This has me conflicted.
The snippet I'm talking about is how Fundrise bought an entire subdivision of 124 new builds 20% over asking to then use as rentals. This isn't the first article I've seen like this. Other hedge funds like Blackrock, along with Offerpad and Zillow are buying up houses left and right.
First off, let me say that I'm a huge fan of capitalism. I love real estate and owning rental property (up to 8 in two years!). I think we're all in control of our financial lives and we are all personally responsible for ourselves. But isn't there a point where things like this squeezing out the middle class? How does a young couple, even if they have great jobs, compete with hedge funds buying houses like this? Homeownership is one of the biggest wealth builders and indicators of future wealth.
I'm conflicted because I'm using the path of buying, flipping, renting, selling, assigning homes to build wealth. But this just seems excessive. Seems like it's more damaging to the overall market than helping it. Which then brings in the matter of some kind of subjective measure of "how much is too much?"
Feel like I'm rambling, not making sense, but thought this would be a good discussion on BP.
Just because they purchased those houses doesn't mean they'll succeed. What are the odds that their financial models are correct? At current market prices I don't know how it would be possible to buy anything at 20% over market and produce any kind of return. I promise you I am not telling my investors that we're buying any asset at 20% over fair market value. I don't care what it is!
Hedge funds have lost money and gone bankrupt in the past, and that could happen once again. Hopefully if and when there is a next time, they do not receive multi trillion dollar bailouts.
As of 2020, the IMF places the US roughly in the middle of the industrialized world on many metrics of housing affordability. For example, our house price-to-income ratio is lower than France, Greece, Denmark, Sweden, Germany, Spain, and many more. Housing price to rent ratio reveals a similar trend. Indicating that US real estate is more affordable than those countries.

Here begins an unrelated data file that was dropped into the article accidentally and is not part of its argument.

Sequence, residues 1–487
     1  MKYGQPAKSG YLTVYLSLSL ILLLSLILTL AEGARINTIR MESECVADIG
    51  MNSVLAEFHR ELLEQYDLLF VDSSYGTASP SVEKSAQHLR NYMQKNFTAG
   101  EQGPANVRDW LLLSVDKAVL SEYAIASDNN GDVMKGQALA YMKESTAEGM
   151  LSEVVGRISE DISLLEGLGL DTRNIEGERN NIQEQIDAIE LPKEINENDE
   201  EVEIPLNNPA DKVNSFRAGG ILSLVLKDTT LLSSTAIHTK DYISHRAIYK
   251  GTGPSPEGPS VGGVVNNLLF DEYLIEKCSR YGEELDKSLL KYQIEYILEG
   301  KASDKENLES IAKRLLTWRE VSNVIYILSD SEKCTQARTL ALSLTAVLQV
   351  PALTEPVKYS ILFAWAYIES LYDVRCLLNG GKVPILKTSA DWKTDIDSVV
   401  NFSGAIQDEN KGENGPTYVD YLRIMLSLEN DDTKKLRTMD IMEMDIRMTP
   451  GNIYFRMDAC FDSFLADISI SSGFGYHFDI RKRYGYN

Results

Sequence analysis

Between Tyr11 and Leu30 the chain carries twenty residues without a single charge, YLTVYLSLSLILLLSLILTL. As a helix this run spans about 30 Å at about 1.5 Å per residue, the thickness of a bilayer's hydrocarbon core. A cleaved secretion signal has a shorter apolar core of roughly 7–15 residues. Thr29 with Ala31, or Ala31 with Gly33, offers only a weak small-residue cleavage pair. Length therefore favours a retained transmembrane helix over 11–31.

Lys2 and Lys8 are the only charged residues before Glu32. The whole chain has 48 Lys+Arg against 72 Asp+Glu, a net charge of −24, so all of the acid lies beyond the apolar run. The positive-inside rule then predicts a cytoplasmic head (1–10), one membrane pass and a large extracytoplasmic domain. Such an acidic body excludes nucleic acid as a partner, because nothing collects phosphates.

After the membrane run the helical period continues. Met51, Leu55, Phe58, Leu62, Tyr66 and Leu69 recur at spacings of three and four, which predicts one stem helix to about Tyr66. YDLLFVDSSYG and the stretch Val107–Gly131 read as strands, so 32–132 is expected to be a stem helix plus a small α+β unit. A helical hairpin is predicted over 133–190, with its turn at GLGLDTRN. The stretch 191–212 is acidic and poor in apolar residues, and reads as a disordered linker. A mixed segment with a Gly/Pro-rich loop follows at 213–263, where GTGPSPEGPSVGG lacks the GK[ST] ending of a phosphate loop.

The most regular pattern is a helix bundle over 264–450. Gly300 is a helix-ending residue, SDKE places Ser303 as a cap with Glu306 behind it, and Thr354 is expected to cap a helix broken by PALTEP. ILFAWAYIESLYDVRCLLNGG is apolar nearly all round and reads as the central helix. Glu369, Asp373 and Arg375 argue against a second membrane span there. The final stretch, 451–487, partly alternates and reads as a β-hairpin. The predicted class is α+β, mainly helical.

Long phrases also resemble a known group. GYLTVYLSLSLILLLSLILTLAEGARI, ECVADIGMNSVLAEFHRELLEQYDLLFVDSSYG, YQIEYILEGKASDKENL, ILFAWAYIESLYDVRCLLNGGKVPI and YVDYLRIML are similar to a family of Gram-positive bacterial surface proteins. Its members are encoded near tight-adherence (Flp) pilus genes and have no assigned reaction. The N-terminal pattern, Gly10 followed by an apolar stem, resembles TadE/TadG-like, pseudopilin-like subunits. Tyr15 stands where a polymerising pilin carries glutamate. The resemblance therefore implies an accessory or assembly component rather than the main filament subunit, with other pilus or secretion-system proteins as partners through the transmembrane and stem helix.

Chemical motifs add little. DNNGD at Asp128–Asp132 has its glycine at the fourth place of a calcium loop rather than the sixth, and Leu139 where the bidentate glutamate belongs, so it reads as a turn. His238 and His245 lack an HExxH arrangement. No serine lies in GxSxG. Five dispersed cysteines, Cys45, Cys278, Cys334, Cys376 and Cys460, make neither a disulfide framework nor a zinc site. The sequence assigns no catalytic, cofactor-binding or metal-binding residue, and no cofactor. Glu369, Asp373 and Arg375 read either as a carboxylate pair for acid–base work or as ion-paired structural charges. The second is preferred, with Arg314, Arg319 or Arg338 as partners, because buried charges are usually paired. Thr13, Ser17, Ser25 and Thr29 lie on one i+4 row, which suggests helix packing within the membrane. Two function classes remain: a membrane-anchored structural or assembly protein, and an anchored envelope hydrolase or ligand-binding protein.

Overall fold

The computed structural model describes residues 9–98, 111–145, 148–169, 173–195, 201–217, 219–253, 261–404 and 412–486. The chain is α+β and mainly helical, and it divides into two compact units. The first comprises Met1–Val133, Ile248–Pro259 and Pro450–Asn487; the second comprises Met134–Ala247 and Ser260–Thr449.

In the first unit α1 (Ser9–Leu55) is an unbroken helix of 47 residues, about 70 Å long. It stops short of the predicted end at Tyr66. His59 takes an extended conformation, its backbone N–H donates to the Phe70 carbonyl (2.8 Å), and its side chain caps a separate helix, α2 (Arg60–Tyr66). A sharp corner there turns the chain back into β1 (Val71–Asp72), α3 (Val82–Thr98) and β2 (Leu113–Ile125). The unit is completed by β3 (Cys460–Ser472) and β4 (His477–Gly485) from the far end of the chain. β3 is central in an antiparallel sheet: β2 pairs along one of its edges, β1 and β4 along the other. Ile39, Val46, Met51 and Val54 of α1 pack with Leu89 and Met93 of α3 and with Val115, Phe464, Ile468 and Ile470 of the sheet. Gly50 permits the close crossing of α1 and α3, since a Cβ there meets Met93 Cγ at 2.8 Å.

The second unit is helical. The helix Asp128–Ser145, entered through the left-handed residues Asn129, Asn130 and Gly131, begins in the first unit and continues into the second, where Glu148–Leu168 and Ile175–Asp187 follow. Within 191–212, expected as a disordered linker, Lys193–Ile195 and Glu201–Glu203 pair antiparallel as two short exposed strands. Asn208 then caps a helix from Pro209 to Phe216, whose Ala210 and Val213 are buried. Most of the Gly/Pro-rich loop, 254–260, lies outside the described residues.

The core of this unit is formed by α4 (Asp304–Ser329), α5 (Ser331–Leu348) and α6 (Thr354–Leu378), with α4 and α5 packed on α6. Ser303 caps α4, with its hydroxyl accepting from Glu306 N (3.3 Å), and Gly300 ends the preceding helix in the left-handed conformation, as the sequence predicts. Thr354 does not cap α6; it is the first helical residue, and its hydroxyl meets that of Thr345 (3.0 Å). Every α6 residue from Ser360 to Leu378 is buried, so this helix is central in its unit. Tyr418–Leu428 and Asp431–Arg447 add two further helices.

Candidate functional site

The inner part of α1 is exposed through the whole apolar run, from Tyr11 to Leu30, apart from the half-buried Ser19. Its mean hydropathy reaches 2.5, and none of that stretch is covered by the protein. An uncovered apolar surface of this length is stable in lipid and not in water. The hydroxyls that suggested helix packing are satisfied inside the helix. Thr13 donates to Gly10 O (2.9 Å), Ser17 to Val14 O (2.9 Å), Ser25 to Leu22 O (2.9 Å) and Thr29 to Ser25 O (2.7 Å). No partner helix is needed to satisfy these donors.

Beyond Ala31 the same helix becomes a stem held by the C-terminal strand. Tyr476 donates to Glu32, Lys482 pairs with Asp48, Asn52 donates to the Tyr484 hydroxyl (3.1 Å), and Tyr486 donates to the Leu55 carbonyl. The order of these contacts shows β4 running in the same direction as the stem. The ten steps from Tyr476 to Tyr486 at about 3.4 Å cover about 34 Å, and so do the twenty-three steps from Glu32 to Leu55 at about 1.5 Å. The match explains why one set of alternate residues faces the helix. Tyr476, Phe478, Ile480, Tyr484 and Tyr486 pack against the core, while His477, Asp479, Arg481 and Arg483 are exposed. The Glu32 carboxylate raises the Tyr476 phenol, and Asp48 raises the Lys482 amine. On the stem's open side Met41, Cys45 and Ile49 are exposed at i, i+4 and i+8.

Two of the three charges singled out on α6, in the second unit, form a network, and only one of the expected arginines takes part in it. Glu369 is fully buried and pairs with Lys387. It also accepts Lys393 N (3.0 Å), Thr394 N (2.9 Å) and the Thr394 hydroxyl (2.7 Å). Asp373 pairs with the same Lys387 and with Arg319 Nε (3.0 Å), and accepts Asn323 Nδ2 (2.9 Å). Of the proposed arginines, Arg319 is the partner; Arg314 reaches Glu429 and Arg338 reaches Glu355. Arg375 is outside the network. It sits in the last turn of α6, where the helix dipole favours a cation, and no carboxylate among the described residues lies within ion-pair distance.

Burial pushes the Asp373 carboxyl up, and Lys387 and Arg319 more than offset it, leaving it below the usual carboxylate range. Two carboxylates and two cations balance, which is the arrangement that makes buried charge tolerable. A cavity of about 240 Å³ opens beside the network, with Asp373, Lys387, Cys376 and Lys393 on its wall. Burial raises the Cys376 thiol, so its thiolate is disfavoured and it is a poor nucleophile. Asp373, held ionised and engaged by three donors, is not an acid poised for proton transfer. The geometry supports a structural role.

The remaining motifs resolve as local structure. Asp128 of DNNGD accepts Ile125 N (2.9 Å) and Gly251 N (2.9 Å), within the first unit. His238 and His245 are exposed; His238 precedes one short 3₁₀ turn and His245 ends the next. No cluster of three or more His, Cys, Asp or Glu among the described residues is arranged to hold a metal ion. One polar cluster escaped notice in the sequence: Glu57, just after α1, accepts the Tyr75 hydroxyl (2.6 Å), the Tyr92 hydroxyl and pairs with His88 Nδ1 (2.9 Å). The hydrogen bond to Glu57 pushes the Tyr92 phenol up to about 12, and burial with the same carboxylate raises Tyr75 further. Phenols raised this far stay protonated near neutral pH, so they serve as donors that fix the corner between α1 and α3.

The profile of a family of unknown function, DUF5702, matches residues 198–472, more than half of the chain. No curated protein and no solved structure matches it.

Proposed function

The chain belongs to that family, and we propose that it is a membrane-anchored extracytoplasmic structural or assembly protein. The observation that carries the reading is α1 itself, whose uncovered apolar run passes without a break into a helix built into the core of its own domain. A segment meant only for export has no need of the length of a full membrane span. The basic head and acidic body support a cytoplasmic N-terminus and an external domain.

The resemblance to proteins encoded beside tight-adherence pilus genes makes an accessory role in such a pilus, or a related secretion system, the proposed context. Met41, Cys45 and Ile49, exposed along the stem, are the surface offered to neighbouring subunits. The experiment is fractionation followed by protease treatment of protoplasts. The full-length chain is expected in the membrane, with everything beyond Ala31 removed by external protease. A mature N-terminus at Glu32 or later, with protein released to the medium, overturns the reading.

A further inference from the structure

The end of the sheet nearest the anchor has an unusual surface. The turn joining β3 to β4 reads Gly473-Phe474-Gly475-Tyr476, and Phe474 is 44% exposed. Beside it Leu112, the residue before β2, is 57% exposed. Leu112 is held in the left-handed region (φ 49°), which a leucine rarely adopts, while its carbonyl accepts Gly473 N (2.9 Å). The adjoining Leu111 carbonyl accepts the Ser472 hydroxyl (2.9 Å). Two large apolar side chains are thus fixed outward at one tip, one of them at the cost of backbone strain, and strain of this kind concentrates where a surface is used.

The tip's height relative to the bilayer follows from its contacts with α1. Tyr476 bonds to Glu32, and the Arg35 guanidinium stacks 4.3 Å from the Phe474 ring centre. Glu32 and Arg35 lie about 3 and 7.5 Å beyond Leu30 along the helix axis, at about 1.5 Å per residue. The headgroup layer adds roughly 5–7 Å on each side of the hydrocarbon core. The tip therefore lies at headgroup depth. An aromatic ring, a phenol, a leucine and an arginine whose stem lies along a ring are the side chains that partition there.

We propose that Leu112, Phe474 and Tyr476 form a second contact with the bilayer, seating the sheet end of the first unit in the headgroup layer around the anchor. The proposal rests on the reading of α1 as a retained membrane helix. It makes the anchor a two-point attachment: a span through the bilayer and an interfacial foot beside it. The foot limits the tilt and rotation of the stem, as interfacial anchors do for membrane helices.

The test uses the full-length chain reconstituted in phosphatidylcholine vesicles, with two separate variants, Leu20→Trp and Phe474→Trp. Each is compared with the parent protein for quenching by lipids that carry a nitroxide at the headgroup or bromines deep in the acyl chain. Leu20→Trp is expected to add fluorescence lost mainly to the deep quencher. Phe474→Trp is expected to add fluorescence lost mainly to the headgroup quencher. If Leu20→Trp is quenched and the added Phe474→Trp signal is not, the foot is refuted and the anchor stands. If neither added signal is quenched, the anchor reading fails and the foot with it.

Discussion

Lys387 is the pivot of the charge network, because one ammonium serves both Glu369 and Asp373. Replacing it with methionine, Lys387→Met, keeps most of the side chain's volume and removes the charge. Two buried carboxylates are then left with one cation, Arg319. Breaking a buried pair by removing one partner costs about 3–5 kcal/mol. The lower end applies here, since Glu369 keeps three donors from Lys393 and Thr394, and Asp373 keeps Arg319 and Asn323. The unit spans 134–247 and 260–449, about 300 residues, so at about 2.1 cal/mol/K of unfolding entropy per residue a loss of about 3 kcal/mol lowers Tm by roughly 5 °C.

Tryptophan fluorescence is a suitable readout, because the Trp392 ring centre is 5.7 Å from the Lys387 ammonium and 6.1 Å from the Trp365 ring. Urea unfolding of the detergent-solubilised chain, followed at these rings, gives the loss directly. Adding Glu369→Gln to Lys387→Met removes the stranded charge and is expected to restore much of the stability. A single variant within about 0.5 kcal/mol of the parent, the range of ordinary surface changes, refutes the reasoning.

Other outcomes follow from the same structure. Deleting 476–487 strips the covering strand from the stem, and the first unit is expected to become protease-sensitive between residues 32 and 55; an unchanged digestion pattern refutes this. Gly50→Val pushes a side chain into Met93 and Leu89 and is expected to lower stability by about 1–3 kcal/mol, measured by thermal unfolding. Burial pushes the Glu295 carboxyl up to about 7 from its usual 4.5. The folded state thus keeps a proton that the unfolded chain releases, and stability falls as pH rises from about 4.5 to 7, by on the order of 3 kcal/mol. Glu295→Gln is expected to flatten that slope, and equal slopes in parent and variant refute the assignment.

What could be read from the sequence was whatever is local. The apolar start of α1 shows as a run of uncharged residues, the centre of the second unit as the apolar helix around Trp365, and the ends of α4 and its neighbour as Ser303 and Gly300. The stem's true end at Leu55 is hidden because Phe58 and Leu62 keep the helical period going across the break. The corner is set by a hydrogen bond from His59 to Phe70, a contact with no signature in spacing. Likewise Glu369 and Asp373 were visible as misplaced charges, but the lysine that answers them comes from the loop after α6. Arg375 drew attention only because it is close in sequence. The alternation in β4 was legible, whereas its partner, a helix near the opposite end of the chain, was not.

It seems likely that this has shifted to some extent within the last year, but I doubt very highly there has been anything like a paradigm shift.
Larry Fink at Blackrock is smarter than any average bear. The models for their funds and analytical tools beat a pile of investors every day. This is America. Zillow on the opposite side is suffering, Rich Barton cornered real estate marketing but the company is flapping around and made high priced purchases in concentrated markets, not sure they can get the stock price back up. Offerpad, well let's see how they do a month or so after the IPO.
We need new construction in a massive wave of small affordable homes. The big builders (I worked for one in the past) are buying land like it's discount candy. What they have in the works to complete by 2023 does not even meet twenty percent of demand.
The publicly traded big guns don't harm the luxury markets, they are grabbing what you consider the house that the middle class would purchase.
Many inner cities were gentrified before Covid. Now upper middle class and richer buyers are moving to the country if they have a cell tower. This also is pushing prices in rural areas that had not seen appreciation in the past 30 years.
With prices like we are in the Gold Rush, individuals need to uncover the deals that aren't cookie cutter easy, in up and coming markets, and or are more work.
The one thing I am certain: CHANGE. It's coming. Unfortunately I don't have Blackrock's Aladdin or my own crystal ball to tell you where that vein of gold is to mine.